Writing Your Community Investment Proposal

By Brett Vetterlein, Community Investment Campaign Organizer

Here at Fordham University, we have almost completed our proposal for community investment which will be submitted to the university administration. There are many different ways to write a proposal like this. Some people write very detailed and long proposals, citing statistics, accounting for risks, and provided numerous examples. We decided to take the shorter route and modeled our proposal off of Seattle University our fellow Jesuit school (the proposal can be found in REC’s Move Our Money: A Community Investment Toolkit for Students). I found the style of Seattle’s proposal preferable to other longer ones because of its length, content, and message.

To start with our proposal is almost exactly two pages single-spaced. I think when dealing with these kinds of things length is extremely important. If you are using this proposal to spark interest from your administration, keep it short. Would you want to read 10 pages of financial jargon if you didn’t have to? Keeping it at a manageable length makes it more accessible not only to the administration, but to other stakeholders (students, faculty, community members). While the ultimate goal is the administration, you want other people to support your proposal in order to give you leverage.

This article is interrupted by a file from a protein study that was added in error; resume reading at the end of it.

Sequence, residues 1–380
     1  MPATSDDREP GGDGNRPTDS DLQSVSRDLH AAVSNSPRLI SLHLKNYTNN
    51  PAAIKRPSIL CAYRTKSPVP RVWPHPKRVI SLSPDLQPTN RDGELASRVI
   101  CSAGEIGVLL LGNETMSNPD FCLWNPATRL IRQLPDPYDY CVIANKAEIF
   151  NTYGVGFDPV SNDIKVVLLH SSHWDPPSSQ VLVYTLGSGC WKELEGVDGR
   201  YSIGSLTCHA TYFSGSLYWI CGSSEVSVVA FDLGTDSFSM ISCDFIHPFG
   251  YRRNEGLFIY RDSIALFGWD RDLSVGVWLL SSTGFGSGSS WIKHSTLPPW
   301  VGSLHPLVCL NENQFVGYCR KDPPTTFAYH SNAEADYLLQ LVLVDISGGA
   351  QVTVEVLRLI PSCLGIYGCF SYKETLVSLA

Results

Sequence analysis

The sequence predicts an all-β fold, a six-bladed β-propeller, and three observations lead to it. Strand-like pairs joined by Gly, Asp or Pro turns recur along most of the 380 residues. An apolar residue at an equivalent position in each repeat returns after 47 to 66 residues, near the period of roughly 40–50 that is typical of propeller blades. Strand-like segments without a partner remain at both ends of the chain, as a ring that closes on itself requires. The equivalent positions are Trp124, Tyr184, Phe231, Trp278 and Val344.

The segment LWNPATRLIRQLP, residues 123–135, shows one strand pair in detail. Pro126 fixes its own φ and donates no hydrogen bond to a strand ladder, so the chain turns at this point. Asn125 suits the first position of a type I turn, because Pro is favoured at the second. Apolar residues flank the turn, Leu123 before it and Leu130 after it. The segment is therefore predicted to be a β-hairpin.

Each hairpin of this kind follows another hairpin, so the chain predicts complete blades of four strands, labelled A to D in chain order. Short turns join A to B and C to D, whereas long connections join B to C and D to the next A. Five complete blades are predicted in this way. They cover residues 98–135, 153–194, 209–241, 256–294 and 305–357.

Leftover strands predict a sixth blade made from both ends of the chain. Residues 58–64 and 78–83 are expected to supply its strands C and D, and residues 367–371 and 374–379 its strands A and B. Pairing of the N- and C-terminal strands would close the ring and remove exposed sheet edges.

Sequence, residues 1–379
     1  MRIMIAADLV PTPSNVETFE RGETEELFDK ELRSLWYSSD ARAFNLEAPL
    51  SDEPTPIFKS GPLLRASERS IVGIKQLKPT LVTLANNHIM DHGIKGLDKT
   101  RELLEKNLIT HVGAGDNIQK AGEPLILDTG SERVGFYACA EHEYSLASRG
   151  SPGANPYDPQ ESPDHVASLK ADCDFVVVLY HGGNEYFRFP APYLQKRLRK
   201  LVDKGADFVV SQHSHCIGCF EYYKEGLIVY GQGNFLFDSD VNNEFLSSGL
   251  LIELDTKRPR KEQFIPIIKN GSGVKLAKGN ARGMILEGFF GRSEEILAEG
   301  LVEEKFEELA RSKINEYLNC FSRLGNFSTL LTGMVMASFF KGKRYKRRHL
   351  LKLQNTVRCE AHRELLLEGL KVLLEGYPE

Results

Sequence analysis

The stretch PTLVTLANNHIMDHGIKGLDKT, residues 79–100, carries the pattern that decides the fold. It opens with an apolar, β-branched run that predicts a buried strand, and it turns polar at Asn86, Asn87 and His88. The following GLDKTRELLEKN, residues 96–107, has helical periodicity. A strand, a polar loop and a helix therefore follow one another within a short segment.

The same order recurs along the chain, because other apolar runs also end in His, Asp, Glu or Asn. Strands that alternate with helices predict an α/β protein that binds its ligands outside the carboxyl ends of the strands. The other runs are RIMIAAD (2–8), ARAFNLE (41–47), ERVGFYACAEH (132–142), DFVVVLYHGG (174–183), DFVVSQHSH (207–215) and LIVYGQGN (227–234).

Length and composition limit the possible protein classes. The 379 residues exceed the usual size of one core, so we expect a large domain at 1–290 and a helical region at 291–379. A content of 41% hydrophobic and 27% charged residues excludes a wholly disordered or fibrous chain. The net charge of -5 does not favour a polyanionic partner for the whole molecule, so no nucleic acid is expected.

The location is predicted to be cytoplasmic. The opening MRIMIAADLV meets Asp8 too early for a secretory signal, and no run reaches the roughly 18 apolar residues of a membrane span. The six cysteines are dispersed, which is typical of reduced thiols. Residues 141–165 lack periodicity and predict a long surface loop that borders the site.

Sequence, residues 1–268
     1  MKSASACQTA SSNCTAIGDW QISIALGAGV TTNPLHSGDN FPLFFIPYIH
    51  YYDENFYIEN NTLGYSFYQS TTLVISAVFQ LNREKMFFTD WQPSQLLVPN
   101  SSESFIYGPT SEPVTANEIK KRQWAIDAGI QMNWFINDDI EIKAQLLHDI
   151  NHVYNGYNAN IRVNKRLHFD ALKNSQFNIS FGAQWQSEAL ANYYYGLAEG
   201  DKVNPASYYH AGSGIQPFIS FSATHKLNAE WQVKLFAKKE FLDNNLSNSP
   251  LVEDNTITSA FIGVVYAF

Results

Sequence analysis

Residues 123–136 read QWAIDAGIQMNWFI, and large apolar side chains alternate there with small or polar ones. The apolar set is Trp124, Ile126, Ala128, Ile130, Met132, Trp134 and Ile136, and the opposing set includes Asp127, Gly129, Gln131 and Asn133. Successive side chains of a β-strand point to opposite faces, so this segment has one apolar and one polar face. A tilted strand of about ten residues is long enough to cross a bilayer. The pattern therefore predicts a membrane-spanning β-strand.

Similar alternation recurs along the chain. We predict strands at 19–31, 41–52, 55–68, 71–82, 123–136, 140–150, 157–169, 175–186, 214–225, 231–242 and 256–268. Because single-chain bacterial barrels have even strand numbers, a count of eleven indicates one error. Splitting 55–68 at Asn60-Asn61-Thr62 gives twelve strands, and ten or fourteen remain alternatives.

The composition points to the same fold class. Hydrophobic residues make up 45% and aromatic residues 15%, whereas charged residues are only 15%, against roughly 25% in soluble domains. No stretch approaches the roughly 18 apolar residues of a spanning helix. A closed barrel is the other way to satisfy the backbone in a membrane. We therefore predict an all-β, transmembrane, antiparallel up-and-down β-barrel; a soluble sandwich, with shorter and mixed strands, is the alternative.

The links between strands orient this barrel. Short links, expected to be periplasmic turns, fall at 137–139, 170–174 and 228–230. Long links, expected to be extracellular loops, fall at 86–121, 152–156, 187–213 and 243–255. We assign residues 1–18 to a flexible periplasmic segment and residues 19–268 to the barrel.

We tried to keep the content simplified and concise in our proposal. We had only three sections: the main argument, recommended CDFIs, and a short conclusion. The main argument had very little to do with the financial aspects of community investment. Instead, we very plainly explained what community investment was, what other schools were doing it, and what we wanted Fordham to do. Even if we do have the financial literacy to write about returns on investment, the university will have to do that research on its own before it makes the change. It does help to make sure your language shows you know what you’re talking about, but there is no need to go on and on about asset classes or detailing the difference between difference between different types of CDFIs.

Our message was made clear by our use of Fordham’s own mission statement in the opening paragraph. We tried to say that we need to do this because it is Fordham duty as a stakeholder in our community. I think messages like these, for initial proposals at least, are more powerful than other approaches (ie the economic one). Using their own words and presenting it as something that will bring respect and prestige to the university are very powerful. When you get to meet with the CFO or Board of Trustees you can make all your other arguments, but to get a leg in, I believe giving them the incentive of a better reputation is your best bet.

We’ll all be handing in our proposals in the coming weeks, most likely. Not only for community investment, but for SRI committees, transparency or whatever other responsible endowment campaign you have going one. Remember that length, content, and message are very important. If you’d like to take a look at Fordham’s proposal, or want some feedback on yours, feel free to email me at brett@endowmentethics.org.  And don’t forget to check our REC’s resources page for other sample proposals.

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